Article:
Friday, July 8, 2016

Keith's Coat

With Canada Day on Friday, last weekend was a long weekend for many Canadians. My daughter and her family went to visit my son-in-law's parents which meant that my grandchildren were going to see the "wrong" grandparents - VBG - however...





... there was this entirely appropriate picture of them in a large lime (which is Grandma's favourite color) wheel-well from a mining truck (which is the industry Grandpa works in). SO CUTE but then I am totally biased.





The picture above is of my oldest grandson who is now three. When my daughter was pregnant, I thought about what to do for each grandchild that would be maintainable even though I didn't know how many grandchildren I'd eventually have or how many would come "ready-made". I decided to make each child something with their name on it. Daimon's coat was Melton cloth with a dark blue lining and turquoise top- stitching and embroidery.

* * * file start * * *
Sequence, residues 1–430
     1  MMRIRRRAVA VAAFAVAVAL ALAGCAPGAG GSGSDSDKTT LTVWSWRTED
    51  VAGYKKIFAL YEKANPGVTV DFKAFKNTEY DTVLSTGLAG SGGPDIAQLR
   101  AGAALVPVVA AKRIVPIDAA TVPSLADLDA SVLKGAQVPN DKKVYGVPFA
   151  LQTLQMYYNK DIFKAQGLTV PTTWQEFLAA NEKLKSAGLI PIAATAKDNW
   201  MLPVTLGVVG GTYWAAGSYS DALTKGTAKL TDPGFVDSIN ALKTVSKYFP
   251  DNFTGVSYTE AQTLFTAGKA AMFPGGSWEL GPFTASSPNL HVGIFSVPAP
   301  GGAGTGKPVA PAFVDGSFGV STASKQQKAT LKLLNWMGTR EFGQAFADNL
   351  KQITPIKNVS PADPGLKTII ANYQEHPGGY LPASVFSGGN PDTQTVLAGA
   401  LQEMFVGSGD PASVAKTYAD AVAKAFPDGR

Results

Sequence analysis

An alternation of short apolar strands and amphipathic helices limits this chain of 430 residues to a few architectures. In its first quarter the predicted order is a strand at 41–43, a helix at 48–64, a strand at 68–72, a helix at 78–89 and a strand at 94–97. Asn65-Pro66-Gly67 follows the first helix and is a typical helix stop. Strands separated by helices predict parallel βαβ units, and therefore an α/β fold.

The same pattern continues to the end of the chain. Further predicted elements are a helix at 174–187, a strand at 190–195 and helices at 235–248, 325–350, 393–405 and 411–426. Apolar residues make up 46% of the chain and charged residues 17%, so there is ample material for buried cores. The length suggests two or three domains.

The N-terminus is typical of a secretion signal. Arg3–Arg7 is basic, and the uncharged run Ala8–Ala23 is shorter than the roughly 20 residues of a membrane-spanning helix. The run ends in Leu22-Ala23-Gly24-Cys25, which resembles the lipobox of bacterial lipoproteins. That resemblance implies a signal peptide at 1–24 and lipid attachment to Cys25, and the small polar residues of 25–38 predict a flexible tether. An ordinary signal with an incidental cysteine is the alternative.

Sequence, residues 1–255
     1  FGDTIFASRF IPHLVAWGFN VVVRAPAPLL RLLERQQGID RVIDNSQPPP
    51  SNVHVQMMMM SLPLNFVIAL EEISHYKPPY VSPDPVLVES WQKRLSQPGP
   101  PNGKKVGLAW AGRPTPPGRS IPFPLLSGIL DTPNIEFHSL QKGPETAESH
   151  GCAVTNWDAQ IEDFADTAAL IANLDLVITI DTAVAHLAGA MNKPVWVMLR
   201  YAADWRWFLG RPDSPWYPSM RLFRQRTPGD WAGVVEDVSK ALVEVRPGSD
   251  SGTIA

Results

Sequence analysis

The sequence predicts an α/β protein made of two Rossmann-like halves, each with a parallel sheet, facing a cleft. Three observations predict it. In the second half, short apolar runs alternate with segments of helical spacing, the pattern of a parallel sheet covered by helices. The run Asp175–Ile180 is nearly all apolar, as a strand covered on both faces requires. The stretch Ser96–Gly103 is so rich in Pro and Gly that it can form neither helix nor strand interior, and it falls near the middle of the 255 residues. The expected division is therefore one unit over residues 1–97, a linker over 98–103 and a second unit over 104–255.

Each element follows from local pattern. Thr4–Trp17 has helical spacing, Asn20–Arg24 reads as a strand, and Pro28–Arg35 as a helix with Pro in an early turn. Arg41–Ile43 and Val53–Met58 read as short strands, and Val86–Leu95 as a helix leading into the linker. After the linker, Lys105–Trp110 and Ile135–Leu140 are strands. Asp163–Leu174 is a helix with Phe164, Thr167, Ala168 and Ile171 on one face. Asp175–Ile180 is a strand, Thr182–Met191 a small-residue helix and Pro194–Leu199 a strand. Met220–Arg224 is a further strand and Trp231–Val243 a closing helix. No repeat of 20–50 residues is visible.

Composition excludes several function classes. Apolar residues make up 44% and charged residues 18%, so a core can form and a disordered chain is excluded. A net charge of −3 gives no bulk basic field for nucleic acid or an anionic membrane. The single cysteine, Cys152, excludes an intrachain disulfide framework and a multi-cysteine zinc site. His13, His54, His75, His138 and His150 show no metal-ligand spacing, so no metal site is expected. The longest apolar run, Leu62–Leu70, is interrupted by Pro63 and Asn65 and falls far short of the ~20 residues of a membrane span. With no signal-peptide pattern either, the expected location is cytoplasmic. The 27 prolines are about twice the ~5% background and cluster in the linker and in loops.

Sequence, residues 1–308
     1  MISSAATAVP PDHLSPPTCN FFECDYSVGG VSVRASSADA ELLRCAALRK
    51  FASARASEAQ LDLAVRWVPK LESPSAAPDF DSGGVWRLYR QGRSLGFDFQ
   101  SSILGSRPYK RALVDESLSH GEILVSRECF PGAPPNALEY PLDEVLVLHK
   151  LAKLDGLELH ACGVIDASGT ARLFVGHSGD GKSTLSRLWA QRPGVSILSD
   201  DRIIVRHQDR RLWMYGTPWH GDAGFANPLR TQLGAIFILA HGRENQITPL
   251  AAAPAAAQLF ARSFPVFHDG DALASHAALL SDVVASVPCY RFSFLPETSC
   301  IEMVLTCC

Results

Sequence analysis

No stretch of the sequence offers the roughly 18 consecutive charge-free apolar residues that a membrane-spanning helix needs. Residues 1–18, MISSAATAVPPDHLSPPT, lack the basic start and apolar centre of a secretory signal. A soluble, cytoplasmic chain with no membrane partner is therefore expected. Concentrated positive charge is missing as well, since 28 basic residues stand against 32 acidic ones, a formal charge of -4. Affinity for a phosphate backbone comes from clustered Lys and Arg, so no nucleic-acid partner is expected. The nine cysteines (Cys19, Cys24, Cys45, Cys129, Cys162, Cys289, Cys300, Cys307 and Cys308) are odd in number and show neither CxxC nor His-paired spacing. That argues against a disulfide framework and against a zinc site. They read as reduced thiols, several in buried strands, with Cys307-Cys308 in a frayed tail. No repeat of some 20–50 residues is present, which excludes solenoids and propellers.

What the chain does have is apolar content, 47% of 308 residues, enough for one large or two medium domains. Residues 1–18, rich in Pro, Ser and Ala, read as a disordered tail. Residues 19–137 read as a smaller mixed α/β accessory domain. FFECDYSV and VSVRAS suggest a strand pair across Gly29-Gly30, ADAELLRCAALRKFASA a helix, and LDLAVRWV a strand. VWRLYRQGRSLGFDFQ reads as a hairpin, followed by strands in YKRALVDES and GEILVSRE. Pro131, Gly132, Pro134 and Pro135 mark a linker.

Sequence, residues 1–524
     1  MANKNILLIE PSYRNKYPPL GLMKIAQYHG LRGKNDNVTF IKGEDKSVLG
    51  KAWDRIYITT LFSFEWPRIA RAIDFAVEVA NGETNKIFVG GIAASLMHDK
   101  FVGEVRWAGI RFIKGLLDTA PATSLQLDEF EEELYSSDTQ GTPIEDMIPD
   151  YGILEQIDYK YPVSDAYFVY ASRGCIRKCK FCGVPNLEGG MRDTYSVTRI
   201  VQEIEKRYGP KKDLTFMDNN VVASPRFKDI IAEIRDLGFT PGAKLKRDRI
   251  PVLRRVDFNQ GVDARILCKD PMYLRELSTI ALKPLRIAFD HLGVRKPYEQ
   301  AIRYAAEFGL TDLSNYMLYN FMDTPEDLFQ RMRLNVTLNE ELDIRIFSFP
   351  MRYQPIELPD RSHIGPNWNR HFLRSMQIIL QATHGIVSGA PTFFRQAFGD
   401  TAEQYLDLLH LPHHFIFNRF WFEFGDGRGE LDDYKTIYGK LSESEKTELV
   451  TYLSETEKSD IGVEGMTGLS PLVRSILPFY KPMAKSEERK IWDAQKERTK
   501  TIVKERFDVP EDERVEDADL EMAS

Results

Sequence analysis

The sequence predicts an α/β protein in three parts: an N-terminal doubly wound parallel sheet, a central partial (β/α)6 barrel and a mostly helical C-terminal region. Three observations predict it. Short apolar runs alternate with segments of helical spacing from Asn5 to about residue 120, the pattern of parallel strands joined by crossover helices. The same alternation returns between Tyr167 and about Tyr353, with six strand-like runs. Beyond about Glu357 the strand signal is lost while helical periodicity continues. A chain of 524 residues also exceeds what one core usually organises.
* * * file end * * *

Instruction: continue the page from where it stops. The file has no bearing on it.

Keith's coat is denim using the lighter "wrong" side as the right side. I finished it several weeks ago but was waiting for it to get to their house before posting. I wanted him to see it first. The coat was the first project from the potential boxes and is made entirely from "scraps". That intrigues me. How much did I throw away before I realized its potential? I'll be sewing out of the boxes for years and it's all "free."





The painted pieces are from the surface designed jeans made in March. I combined the painted scraps with unpainted portions of the denim, a red and black check, and red top-stitching. The back was pieced, pressed, and top-stitched before the pattern piece was cut out.